A group of European astronomers has discovered an ancient planetary system that is likely to be a survivor from one of the earliest cosmic eras, 13 billion years ago. The system consists of the star HIP 11952 and two planets, which have orbital periods of 290 and 7 days, respectively. Whereas planets usually form within clouds that include heavier chemical elements, the star HIP 11952 contains very little other than hydrogen and helium. The system promises to shed light on planet formation in the early universe – under conditions quite different from those of later planetary systems, such as our own.
In ancient Earth history, the sun burned as much as 30 percent dimmer than it does now. Theoretically that should have encased the planet in ice, but there is geologic evidence for rivers and ocean sediments between 2 billion and 4 billion years ago.
Scientists have speculated that temperatures warm enough to maintain liquid water were the result of a much thicker atmosphere, high concentrations of greenhouse gases or a combination of the two.
Now University of Washington researchers, using evidence from fossilized raindrop impressions from 2.7 billion years ago to deduce atmospheric pressure at the time, have demonstrated that an abundance of greenhouse gases most likely caused the warm temperatures.
Their work, which has implications for the search for life on other planets, is published March 28 in Nature.
BOSS (the Baryon Oscillation Spectroscopic Survey) has just announced the most accurate measurement yet of the distribution of galaxies between five and six billion years ago. This was the key pivot moment at which the expansion of the universe stopped slowing down due to gravity and started to accelerate instead, due to a mysterious force dubbed “dark energy.”
The nature of this “dark energy” is one of the big mysteries in cosmology today, and scientists need precise measurements of the expansion history of the universe to unravel this mystery — BOSS provides this kind of data.
Somebody has created a video condensing the history of the Earth
This video was done for educational purposes, as it was made for a geology project. All rights and credit belong to National Geographic and the Pixes.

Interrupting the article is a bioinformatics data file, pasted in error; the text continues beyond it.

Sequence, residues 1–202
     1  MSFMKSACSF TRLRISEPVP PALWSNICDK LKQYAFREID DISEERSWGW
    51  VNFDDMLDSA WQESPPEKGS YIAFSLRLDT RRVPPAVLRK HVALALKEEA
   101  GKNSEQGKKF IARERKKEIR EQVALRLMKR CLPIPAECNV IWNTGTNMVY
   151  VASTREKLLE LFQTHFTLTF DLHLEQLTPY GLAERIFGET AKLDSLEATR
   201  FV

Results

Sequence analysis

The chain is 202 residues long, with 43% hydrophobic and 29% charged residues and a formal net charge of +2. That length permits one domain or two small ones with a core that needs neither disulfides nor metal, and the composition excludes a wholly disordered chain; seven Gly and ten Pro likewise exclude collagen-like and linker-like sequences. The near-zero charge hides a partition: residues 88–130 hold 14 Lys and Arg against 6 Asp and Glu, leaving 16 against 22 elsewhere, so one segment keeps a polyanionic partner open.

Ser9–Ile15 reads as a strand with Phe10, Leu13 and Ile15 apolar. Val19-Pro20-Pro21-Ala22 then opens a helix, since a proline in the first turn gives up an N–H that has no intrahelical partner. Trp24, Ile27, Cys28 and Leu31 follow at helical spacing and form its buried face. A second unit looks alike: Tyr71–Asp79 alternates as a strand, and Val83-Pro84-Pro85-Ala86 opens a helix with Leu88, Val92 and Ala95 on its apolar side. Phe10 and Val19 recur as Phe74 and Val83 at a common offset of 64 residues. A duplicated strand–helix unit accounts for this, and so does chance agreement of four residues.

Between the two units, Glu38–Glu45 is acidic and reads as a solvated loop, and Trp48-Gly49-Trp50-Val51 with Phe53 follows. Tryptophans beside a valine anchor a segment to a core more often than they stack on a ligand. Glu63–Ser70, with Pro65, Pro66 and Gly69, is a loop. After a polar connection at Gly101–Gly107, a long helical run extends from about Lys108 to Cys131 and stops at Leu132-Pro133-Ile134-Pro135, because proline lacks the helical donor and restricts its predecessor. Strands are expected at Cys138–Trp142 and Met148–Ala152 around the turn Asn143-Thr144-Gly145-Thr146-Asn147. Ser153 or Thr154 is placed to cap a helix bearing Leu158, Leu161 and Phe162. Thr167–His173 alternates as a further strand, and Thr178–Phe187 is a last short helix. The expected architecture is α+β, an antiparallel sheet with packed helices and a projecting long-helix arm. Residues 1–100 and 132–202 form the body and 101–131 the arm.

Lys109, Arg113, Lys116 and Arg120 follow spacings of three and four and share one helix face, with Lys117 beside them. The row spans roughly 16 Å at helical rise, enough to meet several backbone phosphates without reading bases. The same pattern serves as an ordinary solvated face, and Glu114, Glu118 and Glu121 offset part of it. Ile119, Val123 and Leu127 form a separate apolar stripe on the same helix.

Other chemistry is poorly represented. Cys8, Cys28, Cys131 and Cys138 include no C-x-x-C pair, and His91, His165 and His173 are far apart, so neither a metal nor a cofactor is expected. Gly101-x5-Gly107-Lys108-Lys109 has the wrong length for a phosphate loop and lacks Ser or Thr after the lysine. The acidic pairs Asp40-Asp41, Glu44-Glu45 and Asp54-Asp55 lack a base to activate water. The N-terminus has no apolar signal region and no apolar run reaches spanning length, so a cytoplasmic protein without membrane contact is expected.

Time scale is roughly 18.4 my per second.
Sorry for the choppy audio, I’m a Geo major not an audio engineer.
NASA has released two videos. One takes viewers through the moon’s evolutionary history, and reveals how it came to appear the way it does today.
The other gives viewers a guided tour of prominent locations on the moon’s surface, compiled by the spacecraft’s observations of the moon.
The researchers found that in the first 1.5 billion years or so of the Earth’s history, the average net rate at which new continental crust formed remained high, at about 0.7 cubic miles (3 cubic kilometers) annually, enough to establish about 65 percent of the present-day volume of the crust by 3 billion years ago. However, after that, average net new crust growth slowed greatly to about a third of its prior rate as the proportion of crust that formed after being recycled through the mantle rose sharply.
Megavirus chilensis is a giant virus isolated off the coast of Chile in 2010. It probably contains enough genes to encode over 1000 proteins, more than most bacteria. It seems to have originated either from a eukaryotic cell or from its near-ancestor, by losing the ability to reproduce.
Archeological evidence points to the sudden appearance of strikingly modern behaviour in humans around 50,000 years ago in the form of sophisticated tools and art like painting, sculpture and engravings. A possible reason for this could be the development of a fully modern human language, the proto-language that eventually gave rise to all the current languages. What can we conclude about the nature of this language?
Consider the word order of a sentence such as “the man killed the bear”. The man is the subject (S), killed is the verb (V) and the bear is the object (O) so the ordering of the sentence is SVO (subject, verb, and object).
Nobel-prize winning physicist Murray Gell-Mann from the Santa Fe Institute and linguist Merritt Ruhlen from Stanford University have analysed the distribution of word-orders in a sample of 2,135 languages, classified into seven major families. They conclude that five of them were originally SOV, one must have been either SOV or SVO, and another was SVO.
This strongly favours the proto-language being SOV (so the sentence would have been: the man the bear killed). The existing SOV languages, such as Danish, have apparently not changed their structure since their origin. Most modern languages have, however, adopted the possibly more logical SVO word order.
The origin and evolution of word order. The full text costs.
This on-line game lets you free a mammoth from the ice, create fire and invent the wheel, all with a time limit. Needless to say I was too slow to achieve anything!
Seriously though, I’m sure that games are a great way to learn and would love to have time to develop a history of the universe game, but I know I never will.
Completing Time Crystal is about as much as I can ever hope to do, but it could easily form the kernel of a game.
Reuters reports that the French government is likely to renew its ban on GM maize despite its highest court ordering the ban illegal. The government claims that MON810 is a risk to the environment. Monsanto, which manufactures the seed, will withdraw the seed from the French market despite its claim that it is perfectly safe.